Big data versus big congestion: Using information to improve transport

McKinsey QHere is a brief excerpt from an article written by Carl-Stefan Neumann for the McKinsey Quarterly, published by McKinsey & Company. He explains how and why digitization in infrastructure networks could improve forecasting, promote reliability, and increase efficiency. To read the complete article, check out other resources, learn more about the firm, obtain subscription information, and register to receive email alerts, please click here.

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Congestion—on the road, in the air, on the rails—wastes time, increases pollution, and is costly to society.

Commuters in Brussels and London waste more than 50 hours a year in traffic jams; that’s the equivalent of more than a full week of work. Across Europe as a whole, infrastructure congestion costs 1 percent of GDP. In the United States, airport delays alone cost some $6 billion to the economy.

It doesn’t have to be this way. In 2013, the McKinsey Global Institute concluded that, globally, $400 billion a year could be saved by “making more of existing infrastructure” through improved demand management and maintenance. That is where digitization, in the form of big data, can help. The collection and strategic use of information can improve forecasting and help to nudge behavior in ways that improve the reliability of transport infrastructure and increase its efficiency and utilization. In fact, some of this is already happening.

o Israel has introduced a 13-mile fast lane on Highway 1 between Tel Aviv and Ben Gurion Airport. The lane uses a toll system that calculates fees based on traffic at the time of travel. To make it work, the system counts the cars on the road; it can also evaluate the space between cars to measure congestion. This is real-time pattern recognition of a very high order. The information is then put to use in a way that increases “throughput,” or the amount of traffic the road can bear. If traffic density is high, tolls are high; if there are few cars on the road, charges are cheap. This not only keeps toll revenues flowing but also reduces congestion by “steering” demand.

o In Brazil, aviation traffic has been growing fast for the past decade, and annual passenger traffic is expected to more than double by 2030, reaching more than 310 million passengers. Not surprisingly, airspace congestion is a growing concern. To deal with the problem, Brazil is introducing a system that harnesses GPS data to optimize the use of available airspace, enabling less separation between aircraft and shorter routes.

The usual practice has been to line up planes preparing to land in an airborne queue. Under the new system, each plane is assigned its own flight path. It may sound simple, but making the system work requires enormous amounts of data, as well as fast and sophisticated evaluation of the data. The distance, speed, and capabilities of each aircraft are processed in a way that results in the shortest flight path. Instead of queuing up on approach, planes can “curve in” much closer to the airport.

The first deployment, at Brasília International Airport, is saving 7.5 minutes and 77 gallons of fuel per landing, as planes fly 22 fewer nautical miles on average. Brazil plans to roll out the system to the country’s ten busiest airports. Initial impact estimates suggest that deployment of this system at North American airports could increase capacity 16 to 59 percent, depending on airport conditions.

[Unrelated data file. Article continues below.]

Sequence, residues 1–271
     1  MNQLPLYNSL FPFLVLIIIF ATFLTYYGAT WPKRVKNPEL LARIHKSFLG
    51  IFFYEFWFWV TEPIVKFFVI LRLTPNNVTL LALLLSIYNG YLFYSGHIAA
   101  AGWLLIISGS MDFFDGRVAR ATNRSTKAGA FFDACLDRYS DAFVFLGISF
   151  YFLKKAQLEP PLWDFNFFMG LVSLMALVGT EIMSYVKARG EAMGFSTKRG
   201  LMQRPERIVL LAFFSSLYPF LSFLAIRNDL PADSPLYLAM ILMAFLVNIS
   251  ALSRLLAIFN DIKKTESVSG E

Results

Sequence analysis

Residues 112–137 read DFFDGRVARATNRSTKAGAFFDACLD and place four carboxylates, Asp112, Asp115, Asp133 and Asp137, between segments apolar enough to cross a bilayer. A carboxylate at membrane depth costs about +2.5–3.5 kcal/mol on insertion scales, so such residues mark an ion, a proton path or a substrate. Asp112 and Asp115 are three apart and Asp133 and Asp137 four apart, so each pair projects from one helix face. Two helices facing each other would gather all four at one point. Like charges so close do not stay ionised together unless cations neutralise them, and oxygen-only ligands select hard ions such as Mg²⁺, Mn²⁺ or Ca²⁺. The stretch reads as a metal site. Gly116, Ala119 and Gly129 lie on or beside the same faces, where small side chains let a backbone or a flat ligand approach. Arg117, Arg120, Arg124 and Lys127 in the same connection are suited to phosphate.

o Railway-infrastructure providers in Europe typically ask operating companies for detailed itineraries of the trains they want to run, and then the providers create a schedule that tries to fulfill every request. The system is well intentioned but rigid—and it doesn’t lead to optimal capacity usage or operational stability. In Germany, the great majority of cargo trains do not depart as scheduled, a fact that inevitably leads to complications down the track.

Recently, some railway companies have started to follow a more “industrialized” approach that uses big data. They are splitting track capacity across the network into “slots” of different speed profiles based on an analysis of past demand and are allocating trains to available slots as requests for capacity come in. Capturing these opportunities requires advanced planning techniques that can, for example, allow trains to swap slots along their itinerary in order to recoup time lost to operational delays. Such innovations can improve punctuality and reliability while accommodating up to 10 percent more traffic.

In spite of these (and other) encouraging examples of the integration of information and infrastructure, progress in general has been slow. At airport-industry gatherings, there’s lots of enthusiasm about using big data from tracking passengers’ mobile devices for tailored information and management. Ideas include text-message alerts on when to go to the departure gate, taking into account individual walking speeds, and reduced security queues based on better short-term demand predictions or tailored shopping suggestions. At the moment, though, no more than a few dozen airports are actually implementing ideas like these.

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Here is a direct link to the complete article.

I also highly recommend Rosabeth Moss Kanter’s latest book, Move: Putting America’s Infrastructure Back in the Lead.

Carl-Stefan Neumann is a director in McKinsey’s Frankfurt office.

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